Academics & Research News

CTAP cuts textbook prices for students


Gerald Sastra/The Cougar

UH is launching a pilot program called the Cougar Textbook Access Program designed to help students access textbooks in a digital rental format at reduced prices by integrating costs into the student fee bill.

Several winter mini and regular Spring 2022 class sections across a wide range of campus departments have automatically signed all of the students up for the CTAP pilot. Students will have automatic digital access for at least 180 days in most cases.

Students in these classes have the option to opt-out via a portal by Feb. 2. They will then be responsible for obtaining the required course materials on their own.

Participating classes for the pilot semesters include certain sections of biochemistry I, information systems applications, language disorders in children and federal and Texas government, among many others.

“The CTAP pilot program allows students to access required course materials for this course on or before the first day of class at significant savings over purchasing new and, in most cases, even used physical retail books,” UH Auxiliary Services said in an email to students in these classes.

For example, a new textbook for an introduction to the hospitality industry class costs $125.50, while a used version costs $94.25, according to the CTAP announcement webpage. With CTAP, however, students will have $37.50 charged to their student fee bill as a learning material fee.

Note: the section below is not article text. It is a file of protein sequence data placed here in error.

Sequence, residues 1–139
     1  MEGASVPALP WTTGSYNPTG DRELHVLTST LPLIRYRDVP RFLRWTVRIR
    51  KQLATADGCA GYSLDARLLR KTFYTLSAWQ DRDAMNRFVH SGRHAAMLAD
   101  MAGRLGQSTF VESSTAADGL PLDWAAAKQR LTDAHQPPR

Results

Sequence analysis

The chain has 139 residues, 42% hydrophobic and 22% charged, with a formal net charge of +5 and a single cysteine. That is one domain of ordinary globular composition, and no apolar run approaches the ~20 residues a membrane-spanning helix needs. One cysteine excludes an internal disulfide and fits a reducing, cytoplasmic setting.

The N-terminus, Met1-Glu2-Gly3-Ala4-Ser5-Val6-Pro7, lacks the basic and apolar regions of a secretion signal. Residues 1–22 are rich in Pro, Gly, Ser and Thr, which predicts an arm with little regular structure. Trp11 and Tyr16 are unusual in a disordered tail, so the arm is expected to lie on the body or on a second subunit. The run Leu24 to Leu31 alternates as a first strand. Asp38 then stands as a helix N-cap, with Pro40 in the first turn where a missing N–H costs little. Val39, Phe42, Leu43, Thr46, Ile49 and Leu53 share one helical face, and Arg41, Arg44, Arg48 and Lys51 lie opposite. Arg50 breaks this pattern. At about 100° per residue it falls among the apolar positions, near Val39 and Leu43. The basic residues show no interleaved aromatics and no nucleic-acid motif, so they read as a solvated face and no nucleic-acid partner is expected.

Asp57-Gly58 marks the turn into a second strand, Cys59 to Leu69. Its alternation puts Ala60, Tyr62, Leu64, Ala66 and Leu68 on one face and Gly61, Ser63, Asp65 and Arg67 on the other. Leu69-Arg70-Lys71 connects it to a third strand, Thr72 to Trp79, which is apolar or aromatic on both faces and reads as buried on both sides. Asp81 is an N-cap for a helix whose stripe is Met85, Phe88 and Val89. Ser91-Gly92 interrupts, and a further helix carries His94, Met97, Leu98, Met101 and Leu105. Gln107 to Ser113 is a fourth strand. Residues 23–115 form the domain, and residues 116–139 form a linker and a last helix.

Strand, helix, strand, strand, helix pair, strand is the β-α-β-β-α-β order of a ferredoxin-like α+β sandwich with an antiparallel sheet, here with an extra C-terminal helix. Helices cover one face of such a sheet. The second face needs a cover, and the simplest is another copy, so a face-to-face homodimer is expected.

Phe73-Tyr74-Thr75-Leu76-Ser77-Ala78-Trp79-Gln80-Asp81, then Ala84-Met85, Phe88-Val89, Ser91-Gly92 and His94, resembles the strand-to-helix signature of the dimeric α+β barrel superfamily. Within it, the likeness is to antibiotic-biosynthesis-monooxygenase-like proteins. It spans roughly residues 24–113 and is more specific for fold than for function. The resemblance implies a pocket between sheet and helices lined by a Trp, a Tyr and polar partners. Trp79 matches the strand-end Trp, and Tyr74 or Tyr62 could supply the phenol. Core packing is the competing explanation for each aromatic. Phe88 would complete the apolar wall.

If students have scholarships or financial aid that exceeds the tuition costs, the extra aid can cover the CTAP fees as well, making the textbooks free in those cases. 

Another advantage is that students will automatically have access to the digital books via Blackboard on or before the first day of class, rather than having to scramble to buy books after classes start, according to UH Auxiliary Services.

Biomedical sciences sophomore Daniel Maguadog is enrolled in biochemistry I for Spring 2022 and first heard about CTAP from an email in the past week. He believed there are both advantages and disadvantages to the program.

“I feel as if the pros would include the discount for required course materials that the program offers, as well as having the option for scholarships and financial aid to be applicable because of the tuition embedding,” Maguadog said. “Also, it’s an easy way to see what textbooks certain classes recommend.”

Despite this, Maguadog is personally planning to opt-out of the program and continue his current methods of obtaining textbooks from upperclassmen and other outside sources.

Maguadog also expressed concern that some students may be confused about CTAP, fail to opt-out even if opting out might benefit them more and rack up extra fees on their student bill.

“Oftentimes materials that are required for certain courses by the campus store are not actually necessary,” Maguadog said. “The program’s automatic enrollment could cause students to unknowingly pay for materials that they do not actually end up using.”

Government instructional assistant professor Kelley Littlepage was told in December of 2021 that her courses would take part in the CTAP pilot. She was not involved in the pilot course selection process; government classes’ course materials are selected by a committee and are the same across all instructors.

“The change does not alter the books or material used for GOVT 2305, just the way students acquire the ebook and material,” Littlepage said. “The addition of the CTAP component of this course meant the ebook and digital material are unaltered from the previous semester.”

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